Clare only began to express themselves fully in a ten-minute patch near the end, before Cork finished strongly again. Clare have to put this disappointment behind them quickly now because it’s either Tipperary or Waterford next. Both were impressive in different ways on Saturday evening. When Kilkenny drew level, everyone around me was saying that Waterford had completely lost their shape, that they’d blown it again, and were about to blow it in extra-time. I didn’t think that was fully accurate. I thought they were holding their shape well, but that the goal from TJ Reid, a kind of pushover try the Lions would have been proud of in Eden Park, spooked them. When they conceded the point straight afterwards, Kilkenny had the momentum and it was natural for all the old doubts to flood back for Waterford. But once they steadied themselves in extra-time, they drove on.

You have to give it to Kilkenny. They’re like an old rock band, well past their sell-by date, but still able to bang out classics. You’d still pay big-money for a ticket to see them in concert. You couldn’t but be delighted for Waterford and their supporters, but there is something about the drama Kilkenny bring to the championship that will be missed for the rest of the year.

They looked dead and buried. Any other team would have been, but Kilkenny are not any other team, and never have been under Brian Cody. It looked to me like they just went for broke when they were seven points down. Brian Cody put Colin Fennelly back in full-forward, he shoved Mick Fennelly further up the field, and Kilkenny just went hunting for the goal to try and save them. When they got it, all bets were off.

Saturday night, though, was just epic in every way. I was sitting beside Tommy Guilfoyle, my old Clare team-mate. When I saw Pauric Mahony going off. I said to Tommy that Waterford may regret that decision if the match comes down to a late free. It did. Maurice Shanahan missed it and then, the great symphony that is hurling, Maurice, came up with the sweetest note of all with his goal in extra-time.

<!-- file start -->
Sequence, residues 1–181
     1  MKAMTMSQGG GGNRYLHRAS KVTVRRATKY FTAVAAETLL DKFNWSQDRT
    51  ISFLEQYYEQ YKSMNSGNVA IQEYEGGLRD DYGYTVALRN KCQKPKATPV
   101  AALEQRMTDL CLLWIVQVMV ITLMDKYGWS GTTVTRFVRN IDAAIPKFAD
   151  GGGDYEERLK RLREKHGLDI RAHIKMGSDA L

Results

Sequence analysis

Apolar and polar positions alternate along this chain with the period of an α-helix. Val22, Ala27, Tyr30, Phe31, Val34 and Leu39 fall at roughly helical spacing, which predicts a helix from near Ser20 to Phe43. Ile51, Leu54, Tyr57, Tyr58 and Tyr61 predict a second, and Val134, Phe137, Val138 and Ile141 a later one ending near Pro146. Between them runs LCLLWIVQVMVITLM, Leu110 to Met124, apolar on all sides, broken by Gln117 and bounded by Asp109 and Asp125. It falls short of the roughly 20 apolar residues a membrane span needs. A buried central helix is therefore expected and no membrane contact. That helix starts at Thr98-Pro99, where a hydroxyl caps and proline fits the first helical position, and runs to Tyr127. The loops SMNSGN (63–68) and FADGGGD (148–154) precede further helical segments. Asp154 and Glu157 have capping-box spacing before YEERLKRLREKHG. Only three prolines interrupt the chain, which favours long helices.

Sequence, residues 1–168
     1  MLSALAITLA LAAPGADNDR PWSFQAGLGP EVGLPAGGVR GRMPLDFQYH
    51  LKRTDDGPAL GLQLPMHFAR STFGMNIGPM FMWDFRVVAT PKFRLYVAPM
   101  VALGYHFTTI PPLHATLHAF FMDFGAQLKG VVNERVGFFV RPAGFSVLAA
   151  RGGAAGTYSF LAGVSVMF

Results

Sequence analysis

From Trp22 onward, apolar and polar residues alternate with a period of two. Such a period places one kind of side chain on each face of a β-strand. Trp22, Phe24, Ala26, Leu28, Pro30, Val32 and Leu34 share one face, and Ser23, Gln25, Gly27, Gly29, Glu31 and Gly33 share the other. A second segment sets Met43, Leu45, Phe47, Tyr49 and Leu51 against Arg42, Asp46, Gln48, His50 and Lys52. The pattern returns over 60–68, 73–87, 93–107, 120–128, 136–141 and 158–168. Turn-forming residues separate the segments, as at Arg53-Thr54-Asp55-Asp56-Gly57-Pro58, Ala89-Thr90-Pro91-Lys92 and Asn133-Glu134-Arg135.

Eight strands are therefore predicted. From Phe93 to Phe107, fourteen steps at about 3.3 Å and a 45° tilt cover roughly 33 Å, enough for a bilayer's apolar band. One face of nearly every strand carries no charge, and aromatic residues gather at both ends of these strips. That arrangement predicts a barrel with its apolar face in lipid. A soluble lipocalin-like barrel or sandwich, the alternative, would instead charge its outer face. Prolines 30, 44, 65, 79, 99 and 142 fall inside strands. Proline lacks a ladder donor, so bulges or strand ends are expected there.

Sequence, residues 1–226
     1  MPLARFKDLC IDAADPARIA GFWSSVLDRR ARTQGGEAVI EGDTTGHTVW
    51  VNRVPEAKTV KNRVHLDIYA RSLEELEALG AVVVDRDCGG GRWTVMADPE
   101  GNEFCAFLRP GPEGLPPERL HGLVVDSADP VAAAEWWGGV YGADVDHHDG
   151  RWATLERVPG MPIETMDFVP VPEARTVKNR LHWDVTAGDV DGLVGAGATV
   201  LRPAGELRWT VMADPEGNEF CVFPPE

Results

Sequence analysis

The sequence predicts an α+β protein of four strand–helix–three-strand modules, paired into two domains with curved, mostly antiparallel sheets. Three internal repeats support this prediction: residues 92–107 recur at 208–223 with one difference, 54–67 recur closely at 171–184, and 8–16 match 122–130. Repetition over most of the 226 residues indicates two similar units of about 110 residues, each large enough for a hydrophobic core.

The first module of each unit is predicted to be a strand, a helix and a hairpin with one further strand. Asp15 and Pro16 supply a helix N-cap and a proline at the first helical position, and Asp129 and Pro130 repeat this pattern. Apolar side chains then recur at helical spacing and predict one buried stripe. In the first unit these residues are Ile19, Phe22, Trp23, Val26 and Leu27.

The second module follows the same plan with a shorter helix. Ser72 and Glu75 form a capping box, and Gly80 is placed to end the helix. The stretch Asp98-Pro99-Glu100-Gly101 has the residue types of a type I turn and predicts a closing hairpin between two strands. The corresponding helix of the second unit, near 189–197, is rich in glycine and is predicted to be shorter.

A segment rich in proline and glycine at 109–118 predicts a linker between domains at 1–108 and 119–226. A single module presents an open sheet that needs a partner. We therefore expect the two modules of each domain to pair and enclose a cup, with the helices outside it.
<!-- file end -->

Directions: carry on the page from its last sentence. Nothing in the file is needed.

The game provided the noise and colour and adrenaline of a dance rave but the curtain-raiser was like a dark soul-music session, with only one team playing the jazz. Tipperary weren’t even anywhere near back to their best, but they cruised through the game, because Dublin were just terrible.

Tipp still have issues. I’m not sure about James Barry at corner-back and Joe O’Dwyer at half-back, but Tipp were never really discomfited, because Dublin were so out of their depth. You just can’t plunge that many young fellas into the deep end, without enough lifeguards around them. It’s like throwing them off the 40-foot in Dalkey and expecting them to come straight back up. You just need the experienced heads around them to escort them back to the shore.

‘Dotsy’ O’Callaghan was as defiant as ever when he came on, but too many Dublin players gave up the ghost. We had bad days too when I was Dublin manager, but Saturday was a different level of a beating for Dublin hurling. Tipp could have had 10 goals, only for some fine Conor Dooley saves.

It was sad for myself to see the Dubs getting beaten by that much, but the entertainment provided by Kilkenny and Waterford helped ease the disappointment.

When I sat into my car at 9.30pm, it was still 21 degrees. The sweat was steaming out through my pores. My heart was still racing. My head was buzzing. I just said to myself, “please don’t let this summer end”.

Even after the disappointment of yesterday’s result, I really hope it doesn’t.